Contact us

Book consultation

Visit our office

Book consultation

Contact our team to find out if we can help.

Book a free call to discuss your matter with us. Please leave your details and we will call you. We would also ask you to briefly describe your matter in the notes section, for the assessment before the call.

Please kindly note, we'll try to call you within the one hour slot you book, however, sometimes we'll have to reschedule the call. You call will last 15 minutes.

Please answer mandatory questions below.

    Contact Us

    Corporate services

    Individual services



    A recent change to immigration laws has made it easier for foreign businesses to send EU workers to the UK to fulfill the contractual obligations they owe to UK customers. EU workers, however, will have to apply for UK visa.


    The UK joined the European Economic Community on 1 January 1973. In the last 47 years, strong business connections were established between the UK and all other EU countries. And, thanks to free movement rights, businesses in EU countries were able to send their employees to the UK to fulfil their contractual obligations or carry out after-sale services to their UK customers without having to apply for a UK visa.

    Although free movement rights ended on 31 December 2020, it was expected that EU workers would still be able to carry out this work. This was because UK immigration rules permitted ‘foreign manufacturers and suppliers to perform certain after-sale services in the UK to their UK customers. This UK visa is called a standard visitor visa (also known as a business visitor visa).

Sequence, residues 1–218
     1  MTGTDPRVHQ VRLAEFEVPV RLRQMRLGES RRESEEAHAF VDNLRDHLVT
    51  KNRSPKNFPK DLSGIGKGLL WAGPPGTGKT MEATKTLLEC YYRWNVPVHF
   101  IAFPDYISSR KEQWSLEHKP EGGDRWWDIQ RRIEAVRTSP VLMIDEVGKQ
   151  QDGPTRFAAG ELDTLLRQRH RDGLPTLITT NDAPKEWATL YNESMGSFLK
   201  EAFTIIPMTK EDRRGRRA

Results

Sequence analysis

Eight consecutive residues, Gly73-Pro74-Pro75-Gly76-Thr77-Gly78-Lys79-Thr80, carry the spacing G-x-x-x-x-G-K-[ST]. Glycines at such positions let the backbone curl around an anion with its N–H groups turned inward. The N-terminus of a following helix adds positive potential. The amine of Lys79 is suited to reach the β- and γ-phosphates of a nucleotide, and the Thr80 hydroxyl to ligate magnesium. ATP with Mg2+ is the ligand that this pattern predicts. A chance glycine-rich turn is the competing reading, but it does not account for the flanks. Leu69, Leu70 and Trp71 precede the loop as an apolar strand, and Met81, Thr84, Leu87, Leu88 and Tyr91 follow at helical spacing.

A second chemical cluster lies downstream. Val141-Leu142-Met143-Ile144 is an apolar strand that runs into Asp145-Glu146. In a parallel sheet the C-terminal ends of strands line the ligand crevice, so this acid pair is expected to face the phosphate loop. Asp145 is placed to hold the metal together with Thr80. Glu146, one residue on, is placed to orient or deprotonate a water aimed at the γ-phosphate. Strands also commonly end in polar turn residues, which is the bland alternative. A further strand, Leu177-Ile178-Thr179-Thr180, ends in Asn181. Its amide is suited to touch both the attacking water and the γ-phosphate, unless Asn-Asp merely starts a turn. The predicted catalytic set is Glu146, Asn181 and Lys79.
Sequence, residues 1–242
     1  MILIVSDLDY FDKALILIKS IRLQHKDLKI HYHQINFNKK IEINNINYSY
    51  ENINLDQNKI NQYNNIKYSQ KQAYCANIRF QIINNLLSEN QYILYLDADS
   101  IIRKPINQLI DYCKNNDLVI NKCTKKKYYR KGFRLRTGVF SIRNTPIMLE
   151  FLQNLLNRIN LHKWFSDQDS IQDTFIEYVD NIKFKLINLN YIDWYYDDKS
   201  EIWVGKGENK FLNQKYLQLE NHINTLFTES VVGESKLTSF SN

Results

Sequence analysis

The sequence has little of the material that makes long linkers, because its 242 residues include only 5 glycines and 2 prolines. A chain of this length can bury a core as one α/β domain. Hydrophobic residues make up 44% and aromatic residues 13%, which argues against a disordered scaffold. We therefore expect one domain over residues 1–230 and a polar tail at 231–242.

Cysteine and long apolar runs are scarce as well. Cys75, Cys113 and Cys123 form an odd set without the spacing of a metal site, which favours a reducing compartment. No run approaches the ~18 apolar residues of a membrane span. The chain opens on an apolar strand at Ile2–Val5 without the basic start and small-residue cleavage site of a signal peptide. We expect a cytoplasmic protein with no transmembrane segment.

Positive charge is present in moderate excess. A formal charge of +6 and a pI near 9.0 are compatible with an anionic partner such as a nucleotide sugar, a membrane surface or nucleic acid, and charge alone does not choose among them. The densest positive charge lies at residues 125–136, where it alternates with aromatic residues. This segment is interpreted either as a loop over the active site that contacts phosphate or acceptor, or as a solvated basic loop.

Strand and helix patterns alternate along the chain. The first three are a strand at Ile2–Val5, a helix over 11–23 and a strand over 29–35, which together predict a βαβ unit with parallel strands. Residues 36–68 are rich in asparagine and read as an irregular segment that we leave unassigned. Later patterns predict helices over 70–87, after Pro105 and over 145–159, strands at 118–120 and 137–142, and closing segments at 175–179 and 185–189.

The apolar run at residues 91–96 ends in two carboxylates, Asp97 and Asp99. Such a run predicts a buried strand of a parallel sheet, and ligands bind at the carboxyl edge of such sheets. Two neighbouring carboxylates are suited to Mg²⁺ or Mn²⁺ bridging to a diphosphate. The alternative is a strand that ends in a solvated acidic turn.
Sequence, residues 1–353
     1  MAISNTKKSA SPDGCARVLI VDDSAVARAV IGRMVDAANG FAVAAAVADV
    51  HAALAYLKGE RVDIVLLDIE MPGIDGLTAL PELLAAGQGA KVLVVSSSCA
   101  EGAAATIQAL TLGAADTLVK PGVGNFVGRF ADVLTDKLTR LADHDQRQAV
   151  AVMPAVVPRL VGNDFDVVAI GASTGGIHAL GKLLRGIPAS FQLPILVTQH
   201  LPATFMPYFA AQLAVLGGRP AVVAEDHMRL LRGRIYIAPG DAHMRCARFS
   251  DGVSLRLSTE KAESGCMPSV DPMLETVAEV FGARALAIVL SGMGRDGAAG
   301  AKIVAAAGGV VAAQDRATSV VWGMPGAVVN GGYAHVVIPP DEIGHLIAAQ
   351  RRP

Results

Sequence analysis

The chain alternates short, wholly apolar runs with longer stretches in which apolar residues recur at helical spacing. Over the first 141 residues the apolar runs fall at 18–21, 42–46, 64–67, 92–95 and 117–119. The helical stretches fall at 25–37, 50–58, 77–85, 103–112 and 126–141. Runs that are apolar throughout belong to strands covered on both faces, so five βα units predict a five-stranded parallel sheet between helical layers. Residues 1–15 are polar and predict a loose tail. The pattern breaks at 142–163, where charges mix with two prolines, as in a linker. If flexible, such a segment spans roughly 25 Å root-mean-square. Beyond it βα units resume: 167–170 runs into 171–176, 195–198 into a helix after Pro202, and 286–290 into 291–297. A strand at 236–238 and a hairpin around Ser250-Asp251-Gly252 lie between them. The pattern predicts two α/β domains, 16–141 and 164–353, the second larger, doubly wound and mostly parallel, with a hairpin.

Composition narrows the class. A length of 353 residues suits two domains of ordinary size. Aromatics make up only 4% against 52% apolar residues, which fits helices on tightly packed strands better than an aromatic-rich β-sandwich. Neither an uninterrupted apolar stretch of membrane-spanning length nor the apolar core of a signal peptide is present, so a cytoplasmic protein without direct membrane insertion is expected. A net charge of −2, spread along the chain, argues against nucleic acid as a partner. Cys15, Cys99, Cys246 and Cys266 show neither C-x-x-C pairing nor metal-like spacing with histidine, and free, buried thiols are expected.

Being non-visa nationals, EU citizens were expected to take advantage of these provisions and travel to the UK without the need to apply for a UK visa first – even after Brexit.

    But, last December, the immigration rules relating to business visas were changed in preparation for Brexit and surprisingly they became stricter. Instead of widening the scope, the words ‘foreign suppliers’ were removed from the rules altogether, leaving only ‘foreign manufacturers’.

    Impact of changes

    The changes effectively excluded a whole class of sellers from benefiting from these provisions and forced them to explore alternative options which were far more costly and time-consuming.

    Some of our clients were greatly affected by these strict rules and, as a result, we voiced the policy inconsistency to the Home Office given the intention of the UK government was to continue the trade relationship with our EU partners post-Brexit.

    New policy wording

    On 4 March 2021, the Home Office published a new Statement of Changes to the Immigration Rules which reinstates the original wording to include ‘foreign suppliers’.

    An employee of a foreign manufacturer or supplier can now:

    ‘install, dismantle, repair, service or advise on equipment, computer software or hardware, where the manufacturer or supplier has a contract of purchase or supply or lease with a UK company or organization’.

    This change has taken effect from Tuesday 6 April 2021.

    “We are pleased that the wording has changed as the benefit will be seen by businesses in the EU as well as UK consumers and businesses.” – Ben Xu, immigration expert, Irwin Mitchell

    See all